Once the rehabbing is done, the tenants move into their new home and voila - they are the proud shareholder-owners of an HDFC limited equity co-op, just like the tenants of 601 W. 136th Street and other co-ops. Some buildings will find the process takes longer than others but the benefits of co-op living are surely worth the wait.
Income restrictions are the norm and both HPD and HDFC are empowered to enforce specific income guidelines. Whether the tenants are involved in the buildings' purchase from the beginning, or move in at the time of conversion, they are entitled to protection from skyrocketing rents or fees. Should any part of the building sell at any time, the HDFC plays a role in making sure that the new tenants meet the income restrictions already in place.
An HDFC is also eligible for tax breaks under Article XI: Tax Exemptions for HDFC-Owned New Construction or Rehabilitation of Affordable Housing. Under this provision, HDFCs can obtain full or partial exemption from real estate taxes for up to 40 years. This is a major coup for tenants of HDFC co-ops, though it is important to know that the tax break doesn't just happen on its own. The New York City Council must pass an HPD resolution authorizing the tax exemption. Then, the Tax Incentive Programs Unit (TIP), which can be reached by calling 212-863-6603 will issue a Certificate of Eligibility. Finally, the Department of Finance implements your building's benefit. It may sound like a lot of red tape but the reward may be worthwhile and a boon to any HDFC's operating budget. (Go to www.nyc.gov for additional information on how your HDFC can apply.)
Help is at Hand
If all this sounds convoluted and confusing, that's because it is. But help is available to deserving, committed cooperators who want to make the absolute most of their ownership and vested interest in their homes. Aside from the government Web sites and programs set up to help ease the process and aid the prosperity of new HDFC co-ops, there's also the HDFC Council, headed up by Reyes-Montblanc himself. The group, according to Reyes-Montblanc, "Usually doesn't get involved in the pre-conversion process, although many buildings' tenant associations do tend to contact us for advice and guidance as they get closer - usually about a year before conversion."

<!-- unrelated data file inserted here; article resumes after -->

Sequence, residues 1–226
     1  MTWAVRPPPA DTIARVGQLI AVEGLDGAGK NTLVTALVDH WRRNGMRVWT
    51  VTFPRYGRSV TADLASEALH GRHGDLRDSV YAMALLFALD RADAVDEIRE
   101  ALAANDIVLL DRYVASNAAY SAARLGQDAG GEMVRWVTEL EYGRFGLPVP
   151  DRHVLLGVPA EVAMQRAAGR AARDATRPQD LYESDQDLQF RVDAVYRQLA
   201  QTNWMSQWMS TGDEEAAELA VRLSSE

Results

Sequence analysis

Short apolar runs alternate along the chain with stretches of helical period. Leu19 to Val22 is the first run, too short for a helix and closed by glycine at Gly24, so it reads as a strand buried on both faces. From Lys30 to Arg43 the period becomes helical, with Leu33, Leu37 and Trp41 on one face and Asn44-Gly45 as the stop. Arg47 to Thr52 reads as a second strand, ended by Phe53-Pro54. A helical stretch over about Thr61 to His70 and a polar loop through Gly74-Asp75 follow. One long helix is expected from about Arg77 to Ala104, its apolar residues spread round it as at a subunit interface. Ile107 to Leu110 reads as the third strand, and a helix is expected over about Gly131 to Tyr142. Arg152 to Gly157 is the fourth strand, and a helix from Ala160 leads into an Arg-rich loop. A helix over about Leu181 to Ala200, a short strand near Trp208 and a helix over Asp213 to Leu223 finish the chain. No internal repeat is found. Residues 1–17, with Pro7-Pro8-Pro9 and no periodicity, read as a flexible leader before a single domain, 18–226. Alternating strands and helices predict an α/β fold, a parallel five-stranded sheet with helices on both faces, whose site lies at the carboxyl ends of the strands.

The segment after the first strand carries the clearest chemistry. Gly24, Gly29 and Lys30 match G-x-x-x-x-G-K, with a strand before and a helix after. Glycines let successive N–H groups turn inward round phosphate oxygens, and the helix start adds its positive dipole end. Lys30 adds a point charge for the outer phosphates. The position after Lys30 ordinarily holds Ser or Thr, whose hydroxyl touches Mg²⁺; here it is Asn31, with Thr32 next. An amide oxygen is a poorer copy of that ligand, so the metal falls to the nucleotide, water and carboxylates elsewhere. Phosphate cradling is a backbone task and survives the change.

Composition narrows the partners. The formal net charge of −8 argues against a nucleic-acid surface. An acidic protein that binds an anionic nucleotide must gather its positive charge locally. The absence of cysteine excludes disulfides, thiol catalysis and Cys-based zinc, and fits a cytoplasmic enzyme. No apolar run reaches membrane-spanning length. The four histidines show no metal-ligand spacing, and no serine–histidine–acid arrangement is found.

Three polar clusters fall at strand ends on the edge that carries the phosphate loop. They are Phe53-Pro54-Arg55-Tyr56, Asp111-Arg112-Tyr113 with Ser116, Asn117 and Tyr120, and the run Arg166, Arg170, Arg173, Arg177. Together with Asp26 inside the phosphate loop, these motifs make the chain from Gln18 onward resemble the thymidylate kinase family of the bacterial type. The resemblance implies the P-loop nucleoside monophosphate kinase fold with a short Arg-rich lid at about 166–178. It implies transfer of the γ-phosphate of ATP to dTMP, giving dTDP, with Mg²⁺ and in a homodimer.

The council - an entirely volunteer endeavor - manages to do a lot with a little, not unlike the new cooperators they're helping along the way. "We don't really do outreach," says Reyes-Montblanc, "as we have very limited resources, however word-of-mouth and referrals keep us quite busy. Usually, we take the role of mentors and counselors, reviewing the building's common practices, both administrative and financial, and we make suggestions as to how to improve their business practices and how to refine their business judgment and define the role and responsibilities of the directors, both as individuals and as a board."
Reyes-Montblanc points out that not every single co-op that comes to the council is automatically granted its time and assistance. "We go through a triage and select to work only with buildings where there is a real board that demonstrates a desire and commitment to improving their deficiencies and living by their bylaws and governing documents. Some buildings we refer to the not-for-profit [Department of Housing Preservation and Development] contracted agencies for specific training or to the workshops and seminars offered by the [Council of New York Cooperatives and Condominiums] or the Federation."
Reyes-Montblanc points out that the HDFC Council often exhorts those who opt to convert to cooperative living to get involved politically as well. "We ask our members to seek appointments to their Community Planning Boards and School District Boards, and to develop close working relationships with elected officials. We have members in 27 of the 51 Community Planning Boards, and in some like my own CB9M in Westside Heights, we have large representation as well, as in CB4M in Hell's Kitchen and others in Manhattan, the Bronx, and Brooklyn. We've been able to initiate legislation that has been passed and signed into law and have two [pieces of legislation] in the works with the New York City Council."
The expectation (and hope) of the tenants of any co-op - as well as the city of New York - is that the inhabitants of an HDFC co-op community will prosper and thrive in a comfortable place in which to live. By incorporating your co-op as an HDFC, you become part of a larger community of New York cooperators.
Mary Fons is a freelance writer and a frequent contributor to The Cooperator.